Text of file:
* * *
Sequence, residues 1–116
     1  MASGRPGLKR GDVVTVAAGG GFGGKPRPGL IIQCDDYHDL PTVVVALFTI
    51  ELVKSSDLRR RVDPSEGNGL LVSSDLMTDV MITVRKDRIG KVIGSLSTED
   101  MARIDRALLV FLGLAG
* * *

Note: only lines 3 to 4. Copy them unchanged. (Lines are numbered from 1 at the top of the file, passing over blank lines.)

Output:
    51  ELVKSSDLRR RVDPSEGNGL LVSSDLMTDV MITVRKDRIG KVIGSLSTED
   101  MARIDRALLV FLGLAG